When Kim Zolciak-Biermann was recently lambasted on social media for posting a picture of her son in her car in a booster seat, I was totally on her side! People were saying he looked too big to be in a booster, while others were supportive, citing safety first.
I’m a pretty safe person and a rule follower at that. I don’t really buck the system too often, and if I have an idea I may deem as unsafe, I’ll suggest it to others and sit back and watch nervously as they execute it. When it comes to safety and my daughter, I don’t mess around.
She’s little. Like, really little. She’s in the 2nd percentile for weight and the 1st percentile for height. At one point she was in the 25th percentile and we thought that was pretty amazing. Given her size and my aptitude for safety, it should be no surprise that I made her sit in a car seat and then a booster for as long as possible.
The weight guidelines for a front facing convertible car seat are 45 pounds. When she started kindergarten, she was nowhere near that weight, so in the car seat she sat. One day it dawned on me that most of the kids getting out of cars in the parking lot were in booster seats. It dawned on her, too. She was embarrassed and she didn’t want to be in the car seat anymore, but I made her stay in it for a little while longer.
By first grade, she had graduated to a booster seat with a back and a 5-point-harness because it was the safest. She was pretty happy with this arrangement for a little while but by second grade, she was over it. If her friends even still used a booster seat, it was a smaller version without a back that used the car’s seatbelt.
The problem with that one was that those only work if the child is a certain height. The point is that the seatbelt needs to hit at a certain point on their shoulder, or else it’s pointless. We agreed to use this smaller booster seat for short trips, but she would sit in the larger booster seat if we needed to actually drive somewhere that wasn’t in the neighborhood. She was cool with this arrangement.
By fourth grade she was solely using the smaller booster. When she started fifth grade, we moved. She started at a new school and wanted to get rid of the booster all together. But she was nowhere near the 60-pound requirement needed to not sit in the booster.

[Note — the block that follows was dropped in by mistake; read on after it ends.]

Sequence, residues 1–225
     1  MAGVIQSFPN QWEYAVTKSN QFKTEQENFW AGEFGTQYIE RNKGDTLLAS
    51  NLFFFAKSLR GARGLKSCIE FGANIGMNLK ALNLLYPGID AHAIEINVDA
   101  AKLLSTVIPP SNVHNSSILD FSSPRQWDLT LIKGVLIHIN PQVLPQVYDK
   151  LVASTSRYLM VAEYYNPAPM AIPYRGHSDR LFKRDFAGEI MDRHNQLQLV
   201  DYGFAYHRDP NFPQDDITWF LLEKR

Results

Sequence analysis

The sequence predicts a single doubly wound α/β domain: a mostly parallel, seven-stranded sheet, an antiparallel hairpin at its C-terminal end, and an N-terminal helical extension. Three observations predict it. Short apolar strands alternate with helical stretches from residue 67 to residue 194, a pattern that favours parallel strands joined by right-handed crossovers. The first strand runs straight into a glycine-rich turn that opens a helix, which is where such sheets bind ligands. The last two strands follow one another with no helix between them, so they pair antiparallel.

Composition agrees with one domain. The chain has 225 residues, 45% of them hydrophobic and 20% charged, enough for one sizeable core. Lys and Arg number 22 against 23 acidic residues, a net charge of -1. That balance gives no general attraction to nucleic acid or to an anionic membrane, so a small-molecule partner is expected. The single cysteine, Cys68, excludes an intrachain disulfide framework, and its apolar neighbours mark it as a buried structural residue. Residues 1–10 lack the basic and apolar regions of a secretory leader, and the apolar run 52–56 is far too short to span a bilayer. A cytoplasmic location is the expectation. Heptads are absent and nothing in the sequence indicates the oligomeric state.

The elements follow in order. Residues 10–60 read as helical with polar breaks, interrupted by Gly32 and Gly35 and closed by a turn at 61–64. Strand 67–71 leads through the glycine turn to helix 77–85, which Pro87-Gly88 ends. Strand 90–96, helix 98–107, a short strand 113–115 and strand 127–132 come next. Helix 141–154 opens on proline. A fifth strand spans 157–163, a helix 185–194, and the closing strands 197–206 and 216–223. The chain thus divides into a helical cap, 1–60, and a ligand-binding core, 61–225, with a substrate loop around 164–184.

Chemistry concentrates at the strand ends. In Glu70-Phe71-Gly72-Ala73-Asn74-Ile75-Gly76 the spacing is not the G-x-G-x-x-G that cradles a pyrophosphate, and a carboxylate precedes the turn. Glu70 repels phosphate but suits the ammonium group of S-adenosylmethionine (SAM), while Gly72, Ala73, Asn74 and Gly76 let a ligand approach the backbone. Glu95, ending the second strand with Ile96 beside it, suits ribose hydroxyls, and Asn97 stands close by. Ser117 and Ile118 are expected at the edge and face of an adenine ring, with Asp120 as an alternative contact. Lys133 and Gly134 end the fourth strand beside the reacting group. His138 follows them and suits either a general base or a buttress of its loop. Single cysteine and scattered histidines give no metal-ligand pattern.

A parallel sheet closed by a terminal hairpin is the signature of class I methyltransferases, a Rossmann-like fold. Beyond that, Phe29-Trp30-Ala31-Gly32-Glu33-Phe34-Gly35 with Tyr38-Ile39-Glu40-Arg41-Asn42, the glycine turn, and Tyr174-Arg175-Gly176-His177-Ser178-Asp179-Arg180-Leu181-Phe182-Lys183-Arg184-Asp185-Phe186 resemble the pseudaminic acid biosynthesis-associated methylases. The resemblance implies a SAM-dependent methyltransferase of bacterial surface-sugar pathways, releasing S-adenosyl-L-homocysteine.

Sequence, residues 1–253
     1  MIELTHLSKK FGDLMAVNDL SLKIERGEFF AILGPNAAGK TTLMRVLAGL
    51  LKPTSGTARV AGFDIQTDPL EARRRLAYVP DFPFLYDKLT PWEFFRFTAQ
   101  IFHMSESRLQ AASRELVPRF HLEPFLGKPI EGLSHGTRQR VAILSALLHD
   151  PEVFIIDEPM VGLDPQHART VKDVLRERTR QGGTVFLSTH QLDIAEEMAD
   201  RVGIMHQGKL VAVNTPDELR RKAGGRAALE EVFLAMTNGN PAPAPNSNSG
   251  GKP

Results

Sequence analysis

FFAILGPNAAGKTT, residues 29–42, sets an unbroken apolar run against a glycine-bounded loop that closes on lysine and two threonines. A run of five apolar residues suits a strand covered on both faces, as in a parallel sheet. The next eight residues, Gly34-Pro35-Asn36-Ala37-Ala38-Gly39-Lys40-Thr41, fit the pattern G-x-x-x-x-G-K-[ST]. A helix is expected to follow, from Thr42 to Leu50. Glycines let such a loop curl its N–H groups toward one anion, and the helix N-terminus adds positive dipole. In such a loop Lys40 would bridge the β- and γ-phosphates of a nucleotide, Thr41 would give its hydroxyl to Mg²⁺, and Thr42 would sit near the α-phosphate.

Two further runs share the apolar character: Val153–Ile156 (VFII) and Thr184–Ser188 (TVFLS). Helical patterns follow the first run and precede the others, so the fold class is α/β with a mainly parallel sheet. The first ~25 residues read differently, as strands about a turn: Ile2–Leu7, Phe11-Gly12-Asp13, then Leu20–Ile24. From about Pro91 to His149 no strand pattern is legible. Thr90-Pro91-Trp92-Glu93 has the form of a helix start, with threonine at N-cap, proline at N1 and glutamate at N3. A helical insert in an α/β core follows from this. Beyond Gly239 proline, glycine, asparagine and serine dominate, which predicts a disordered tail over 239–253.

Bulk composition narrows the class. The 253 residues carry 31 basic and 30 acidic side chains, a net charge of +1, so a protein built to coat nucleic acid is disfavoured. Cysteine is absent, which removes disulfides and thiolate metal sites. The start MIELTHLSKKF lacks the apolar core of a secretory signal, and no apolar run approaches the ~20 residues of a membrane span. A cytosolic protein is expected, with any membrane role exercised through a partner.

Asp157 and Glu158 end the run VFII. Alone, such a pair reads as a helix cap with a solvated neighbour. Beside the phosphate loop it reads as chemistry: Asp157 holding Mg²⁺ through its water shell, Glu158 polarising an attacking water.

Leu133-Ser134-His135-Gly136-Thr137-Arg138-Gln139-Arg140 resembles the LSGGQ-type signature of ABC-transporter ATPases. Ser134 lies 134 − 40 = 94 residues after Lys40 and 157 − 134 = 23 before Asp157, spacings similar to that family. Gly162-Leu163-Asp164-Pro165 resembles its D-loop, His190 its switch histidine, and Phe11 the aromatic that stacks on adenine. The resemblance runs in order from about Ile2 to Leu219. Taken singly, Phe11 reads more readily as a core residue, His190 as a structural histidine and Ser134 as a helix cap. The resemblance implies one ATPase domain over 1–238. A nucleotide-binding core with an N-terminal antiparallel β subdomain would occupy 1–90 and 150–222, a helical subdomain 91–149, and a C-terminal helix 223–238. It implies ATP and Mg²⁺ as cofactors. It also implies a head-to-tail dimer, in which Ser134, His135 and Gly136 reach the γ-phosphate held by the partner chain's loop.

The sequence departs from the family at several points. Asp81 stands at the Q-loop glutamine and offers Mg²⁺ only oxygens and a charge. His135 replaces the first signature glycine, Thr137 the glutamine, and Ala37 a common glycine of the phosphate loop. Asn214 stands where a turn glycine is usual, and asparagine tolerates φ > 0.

One day she was getting in the car after school when some kids were walking by. She got in the car, side stepped the seat with the booster and pretended she was sitting on the other side. I told her that was smart and if anyone asked, she could tell them the booster belonged to a made up sibling that she doesn’t have so as to avoid embarrassment.
She was a good sport about the booster seat, but she was getting older and didn’t want anything to do with it anymore. So, when we went to her 10-year well check visit and the doctor asked if we had any concerns my daughter said, “Yes. My mom still makes me sit in a booster seat.”
The doctor looked at me with an “are you nuts” expression and then the conversation went like this:
Me: What? You have to be 60 pounds to not sit in a booster seat.
Doctor: Okay. I even tell my patients to go 10 pounds over that recommendation. But, there’s no way she’s EVER going to get to 60 pounds anytime soon. You CAN NOT send her to middle school in a booster seat. You need to give it up.
Then my daughter and the doctor high fived each other. Not really, but they high fived each other with their eyes.
We decided at the end of her fifth-grade year, we would retire the booster seat. On the last day of school, we bid the seat farewell. She doesn’t miss it at all, and neither do I. But hey, safety first.
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